Vyangyavyakhya: The Aesthetics of Dhvani in Teatre (Sanskrit Text with Transliteration and English Translation)

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Item Code: NAE964
Publisher: D. K. Printworld Pvt. Ltd.
Author: K.G. Paulose
Language: Sanskrit Text with Transliteration and English Translation
Edition: 2013
ISBN: 9788124606995
Pages: 563 (40 B/W Illustrations)
Cover: Hardcover
Other Details 10.0 inch X 7.0 inch
Weight 1.43 kg
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Book Description
Back of the Book

Dr Paulose by selecting Vyangyavyakhya now and Natankusam earlier for his elaborate critique has been able to project an extremely sensitive problem related to the know how of Indian histrionics. This especially is to be viewed as inevitable at a time when Indian theatre is facing a crisis of identity and groping in the dark to relate to its national character. Dr Paulose’s untiring efforts in creating awareness of our tradition and its immense potential deserve all encomium. His clarity of vision and liveliness in analysis are well mooted and well intentioned. I wish that his work o vyangyavyakha will be make a guide by all practitioner of performing arts especially the theatre people who nurture belief in the Indianess in Indian performing arts.


About the Book

The doctrine of dhvani, expounded by Anandavardhana (ninth century CE) in Kashmir though contested by his contemporaries at home received sound acclamation in Kerala. A royal dramatist kulasekhara of the same century applied dhavni to the theatre. His performance text is known as vyangyavyakhya (VV) meaning interpreting the implied. This was an epoch-making event in the history of Indian theatre. This innovation in per formative practices marked a deviation from Bharata’s national tradition and laid down the foundation for classical form like kutiattam, Krsnattam, Kathakali and Mohiniyattam. VV today continues to inspire contemporary directors to formulate new interpretative sub-texts for ancient plays. VV, which remained in manuscripts till now is published for the first time.

As icing on the cake four eminent scholars K.D. Tripathy, Radhavallabh Tripathi, N.P. Unni and Kavalam Narayana Panikkar delve deep into the aspects of VV as introduction to this book. This volume discusses in detail the Sanskrit theatre until tenth century CE, performance text of Dhananjayadhvani and samvarandadhvani and the development in the post Kulasekhara era.

VV should serve as guide to all practitioners of performing arts, and should entice students, teachers and lovers of Indian performing arts.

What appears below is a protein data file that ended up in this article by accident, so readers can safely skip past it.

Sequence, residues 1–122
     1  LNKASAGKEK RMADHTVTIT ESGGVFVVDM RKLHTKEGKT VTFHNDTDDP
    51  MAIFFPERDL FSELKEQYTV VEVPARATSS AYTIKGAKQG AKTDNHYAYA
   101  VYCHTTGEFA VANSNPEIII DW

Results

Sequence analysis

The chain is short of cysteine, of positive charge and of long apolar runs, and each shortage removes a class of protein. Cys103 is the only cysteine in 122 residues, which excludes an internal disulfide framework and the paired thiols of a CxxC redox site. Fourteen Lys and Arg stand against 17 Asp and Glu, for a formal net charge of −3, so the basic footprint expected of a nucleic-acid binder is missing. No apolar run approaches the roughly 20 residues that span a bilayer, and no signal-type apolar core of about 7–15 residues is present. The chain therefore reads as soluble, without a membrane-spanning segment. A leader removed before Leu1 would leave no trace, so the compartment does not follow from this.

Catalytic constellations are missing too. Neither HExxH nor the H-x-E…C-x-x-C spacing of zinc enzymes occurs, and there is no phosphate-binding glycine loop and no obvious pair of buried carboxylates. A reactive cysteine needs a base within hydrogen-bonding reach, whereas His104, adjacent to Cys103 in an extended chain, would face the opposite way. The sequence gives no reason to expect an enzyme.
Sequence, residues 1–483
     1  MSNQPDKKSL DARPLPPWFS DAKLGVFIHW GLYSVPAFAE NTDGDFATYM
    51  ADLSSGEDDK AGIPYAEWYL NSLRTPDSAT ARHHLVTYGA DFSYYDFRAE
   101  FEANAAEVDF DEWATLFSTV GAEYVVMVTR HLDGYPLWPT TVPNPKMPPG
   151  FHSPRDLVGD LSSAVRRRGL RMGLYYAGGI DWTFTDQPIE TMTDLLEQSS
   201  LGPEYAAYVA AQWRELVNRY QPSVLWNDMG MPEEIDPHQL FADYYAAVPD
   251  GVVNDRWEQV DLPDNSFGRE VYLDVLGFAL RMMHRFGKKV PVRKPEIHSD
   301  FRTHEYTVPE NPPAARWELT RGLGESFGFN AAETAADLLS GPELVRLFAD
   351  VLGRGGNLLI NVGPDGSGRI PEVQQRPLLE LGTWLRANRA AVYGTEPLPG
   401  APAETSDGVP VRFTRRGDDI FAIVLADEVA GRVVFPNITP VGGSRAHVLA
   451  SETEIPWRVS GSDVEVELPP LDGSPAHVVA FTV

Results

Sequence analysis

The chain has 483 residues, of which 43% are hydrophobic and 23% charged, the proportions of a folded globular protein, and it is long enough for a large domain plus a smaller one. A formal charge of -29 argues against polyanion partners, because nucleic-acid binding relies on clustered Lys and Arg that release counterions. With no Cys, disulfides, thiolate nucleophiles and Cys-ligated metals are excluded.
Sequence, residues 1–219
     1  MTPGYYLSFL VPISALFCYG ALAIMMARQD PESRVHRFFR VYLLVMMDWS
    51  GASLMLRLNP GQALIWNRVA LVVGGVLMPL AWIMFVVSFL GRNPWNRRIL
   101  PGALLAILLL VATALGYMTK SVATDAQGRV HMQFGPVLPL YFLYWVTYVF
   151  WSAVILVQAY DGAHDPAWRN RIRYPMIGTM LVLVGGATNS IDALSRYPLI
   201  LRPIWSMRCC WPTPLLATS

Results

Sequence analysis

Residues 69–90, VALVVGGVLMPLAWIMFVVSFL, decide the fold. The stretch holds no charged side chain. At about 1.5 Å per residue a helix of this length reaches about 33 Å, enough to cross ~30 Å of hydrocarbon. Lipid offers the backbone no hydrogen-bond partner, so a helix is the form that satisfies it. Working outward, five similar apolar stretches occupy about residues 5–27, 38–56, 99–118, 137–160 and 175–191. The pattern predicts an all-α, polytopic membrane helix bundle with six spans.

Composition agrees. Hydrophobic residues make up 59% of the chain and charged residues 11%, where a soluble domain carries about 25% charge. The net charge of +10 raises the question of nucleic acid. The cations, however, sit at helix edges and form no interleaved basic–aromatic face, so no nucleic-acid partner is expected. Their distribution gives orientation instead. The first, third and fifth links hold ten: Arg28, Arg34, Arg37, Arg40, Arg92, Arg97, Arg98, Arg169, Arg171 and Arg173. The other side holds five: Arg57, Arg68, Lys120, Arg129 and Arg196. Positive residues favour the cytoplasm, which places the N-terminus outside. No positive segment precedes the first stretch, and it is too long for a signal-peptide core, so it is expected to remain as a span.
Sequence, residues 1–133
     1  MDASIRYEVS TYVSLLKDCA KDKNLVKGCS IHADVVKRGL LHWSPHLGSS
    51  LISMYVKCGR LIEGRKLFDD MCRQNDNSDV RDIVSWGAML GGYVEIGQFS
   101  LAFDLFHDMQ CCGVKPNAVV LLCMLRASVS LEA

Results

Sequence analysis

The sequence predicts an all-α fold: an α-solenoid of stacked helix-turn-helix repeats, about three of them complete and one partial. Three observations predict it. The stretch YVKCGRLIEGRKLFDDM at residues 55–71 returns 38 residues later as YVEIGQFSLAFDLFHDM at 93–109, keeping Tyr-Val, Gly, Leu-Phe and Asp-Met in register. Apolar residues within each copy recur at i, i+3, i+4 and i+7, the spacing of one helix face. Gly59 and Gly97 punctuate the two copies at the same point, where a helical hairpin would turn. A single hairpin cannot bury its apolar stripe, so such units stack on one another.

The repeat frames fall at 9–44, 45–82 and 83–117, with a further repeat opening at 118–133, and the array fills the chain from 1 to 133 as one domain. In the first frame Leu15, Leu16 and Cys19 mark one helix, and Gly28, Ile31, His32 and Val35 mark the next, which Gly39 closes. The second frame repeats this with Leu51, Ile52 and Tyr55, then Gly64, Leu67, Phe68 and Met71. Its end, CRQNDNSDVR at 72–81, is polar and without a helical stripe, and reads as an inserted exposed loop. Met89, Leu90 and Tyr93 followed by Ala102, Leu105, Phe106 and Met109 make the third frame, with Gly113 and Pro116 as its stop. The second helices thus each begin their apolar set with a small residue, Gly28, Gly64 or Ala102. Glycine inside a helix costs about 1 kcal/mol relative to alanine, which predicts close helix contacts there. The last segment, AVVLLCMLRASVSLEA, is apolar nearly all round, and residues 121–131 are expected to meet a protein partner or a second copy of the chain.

About the Author

Dr. K.G. Paulose (b. 1946) presently a fellow of the Indian institute of Advanced study shimla was the first vice chancellor of Kerala Kalamandalam. He also held various key positions like registrar Sree sankaracharya University, Kalady; Chief editor publications, Arya vaiday sala, Kattakkal; chairman, chinmaya international sodha sansthan; and principal of government Sanskrit college, tripunithura. He specialize in comparative aesthetic, Natyasastra, Ancient theatre and Kutiyattam. He has authored twenty and edited over fifty book and published may research papers. He has authored twenty and editied over fifty books and published many research papers. He was the chef editor of three research journals- Purantrayi, Aryavaidya and Dhimahi. Two of his important publication are Natankus: A Critique of Dramturgya (1993) and Kutiyattam theatre: the earliest living tradition (2006). Dr paulose is an awardee of Kerala sahitya Akedemi and kerala sangeet Natak akedmi. Thirupati Sanskrit viswavidyalaya conferred on him the title of Vachaspati in 2009.



It had been long cherished dream to published Vyangyavyakhya (VV), after I came across Natankusa. It was in the late 1980s that efforts were stated to bring out Natankusa the unpublished critique of Kutiyattam. When I started do study the text seriously I could no more endorse the popular view that natankusa is the result of a personal acrimony between the author and a particular actor who humiliated him. The anonymous author of Natankusa emerged to me as great scholar with deep knowledge in almost all branches of learning especially in Natyasastra. He has great respect for kulasekhara and saktidbhadra. Above all his quarrel is not against any particular actor but to his/her deviations from the classical stream. It presupposes VV the work of another natyasastra scholar inheriting the same tradition.

A glimpse into the manuscripts of VV opened a new world before me. I could find in kulasekhara a genius with great insight into the potential of theatre. When it came to his notice that the dhavni theory propounded in the other end of the subcontinent opened a new world of imagination to the poets he immediately applied the same to rejuvenate the theatre. More than that he created a band of new artistes with their disciples to carry on the mission of invigorating theatre. It is sad that as in the case of all those endowed with greatness Kulasekhara too was ahead of his time and his followers failed to imbibe his vision. Yet he left deep imprints in our theatrical discourses.